For my son, I began teaching him before he turned 5. We started with Step Stone, which is the book before Step 1. He didn't show much interest, so we just continued on and off. We also began to play the whole game, but he rarely finished any.
One day I started with a book, which was used when my daughter was young. We worked on the one move checkmate problems, and he liked them. We also played a game, and he lost. He lost interest right away. But the next day, we continued.
I soon realized that the field was not leveled when we played games, so I took out my queen. I gave him hints here and there. When I spot a checkmate, I would switch with him, and let him execute the checkmate. He would be very happy to do that, and didn't care that the previous moves were actually his. Once in a while I would checkmate him, and he would cry. The first time he cried was true sadness. But I hope one day he would stop crying.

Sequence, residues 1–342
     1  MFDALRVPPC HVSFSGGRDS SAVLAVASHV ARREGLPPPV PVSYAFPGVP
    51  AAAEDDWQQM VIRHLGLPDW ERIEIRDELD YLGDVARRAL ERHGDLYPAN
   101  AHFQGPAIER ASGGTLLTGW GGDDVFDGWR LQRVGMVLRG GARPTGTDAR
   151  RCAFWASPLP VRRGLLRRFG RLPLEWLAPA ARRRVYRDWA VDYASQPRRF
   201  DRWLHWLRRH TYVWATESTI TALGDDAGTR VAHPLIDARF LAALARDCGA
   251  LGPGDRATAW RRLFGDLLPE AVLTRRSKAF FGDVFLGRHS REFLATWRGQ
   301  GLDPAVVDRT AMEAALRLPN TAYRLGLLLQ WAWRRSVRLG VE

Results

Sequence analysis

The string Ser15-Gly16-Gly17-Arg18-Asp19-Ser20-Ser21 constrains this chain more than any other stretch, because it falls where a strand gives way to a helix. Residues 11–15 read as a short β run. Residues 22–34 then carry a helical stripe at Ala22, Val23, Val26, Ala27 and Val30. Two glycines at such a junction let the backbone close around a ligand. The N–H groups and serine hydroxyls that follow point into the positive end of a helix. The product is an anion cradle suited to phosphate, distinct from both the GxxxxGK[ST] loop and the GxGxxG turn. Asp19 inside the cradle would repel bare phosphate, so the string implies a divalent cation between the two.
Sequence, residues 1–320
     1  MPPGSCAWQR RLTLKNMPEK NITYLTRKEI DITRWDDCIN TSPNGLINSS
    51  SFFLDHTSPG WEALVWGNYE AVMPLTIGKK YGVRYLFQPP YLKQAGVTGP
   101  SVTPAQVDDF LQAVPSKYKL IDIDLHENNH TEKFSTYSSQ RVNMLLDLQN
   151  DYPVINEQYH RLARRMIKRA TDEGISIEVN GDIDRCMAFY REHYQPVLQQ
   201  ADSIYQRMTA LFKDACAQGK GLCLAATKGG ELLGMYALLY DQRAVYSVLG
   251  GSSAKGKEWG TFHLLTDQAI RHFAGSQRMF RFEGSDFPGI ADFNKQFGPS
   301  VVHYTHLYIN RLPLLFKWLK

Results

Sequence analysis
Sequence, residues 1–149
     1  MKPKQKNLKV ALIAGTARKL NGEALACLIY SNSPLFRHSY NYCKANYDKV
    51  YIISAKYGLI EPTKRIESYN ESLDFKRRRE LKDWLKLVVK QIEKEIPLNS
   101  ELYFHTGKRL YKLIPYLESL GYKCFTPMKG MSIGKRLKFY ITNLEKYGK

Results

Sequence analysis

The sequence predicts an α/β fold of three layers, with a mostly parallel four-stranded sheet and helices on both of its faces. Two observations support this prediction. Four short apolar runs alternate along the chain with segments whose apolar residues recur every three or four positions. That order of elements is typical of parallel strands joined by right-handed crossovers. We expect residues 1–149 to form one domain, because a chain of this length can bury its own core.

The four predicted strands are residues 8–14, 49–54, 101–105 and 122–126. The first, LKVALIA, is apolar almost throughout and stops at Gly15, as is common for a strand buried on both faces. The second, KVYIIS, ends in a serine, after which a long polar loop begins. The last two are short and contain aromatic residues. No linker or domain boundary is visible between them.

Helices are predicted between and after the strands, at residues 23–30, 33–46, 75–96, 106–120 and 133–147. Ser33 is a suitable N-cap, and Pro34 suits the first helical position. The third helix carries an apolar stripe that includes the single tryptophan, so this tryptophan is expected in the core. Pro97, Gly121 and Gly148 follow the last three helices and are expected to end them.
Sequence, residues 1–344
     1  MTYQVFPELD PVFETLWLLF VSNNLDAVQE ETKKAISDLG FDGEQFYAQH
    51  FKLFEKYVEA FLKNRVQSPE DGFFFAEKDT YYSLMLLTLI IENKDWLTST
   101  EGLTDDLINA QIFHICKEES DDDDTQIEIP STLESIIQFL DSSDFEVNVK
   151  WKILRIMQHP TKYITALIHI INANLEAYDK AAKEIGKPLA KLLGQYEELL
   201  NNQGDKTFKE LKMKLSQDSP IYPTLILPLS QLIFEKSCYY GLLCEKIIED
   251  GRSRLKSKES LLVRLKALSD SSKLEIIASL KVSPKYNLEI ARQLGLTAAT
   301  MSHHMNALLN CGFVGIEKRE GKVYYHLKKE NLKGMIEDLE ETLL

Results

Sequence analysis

Nowadays, we play one game every night, and work on 5 problems. It becomes a habit.
No speech is required to motivate your kids. Playing with him/her everyday is the key. Even if you send your child to me to learn chess, I still wish you could play with him/her everyday. Once a week is definitely not enough. It's everyday's job.
If you need one move checkmate problems, you can check out our book on the right.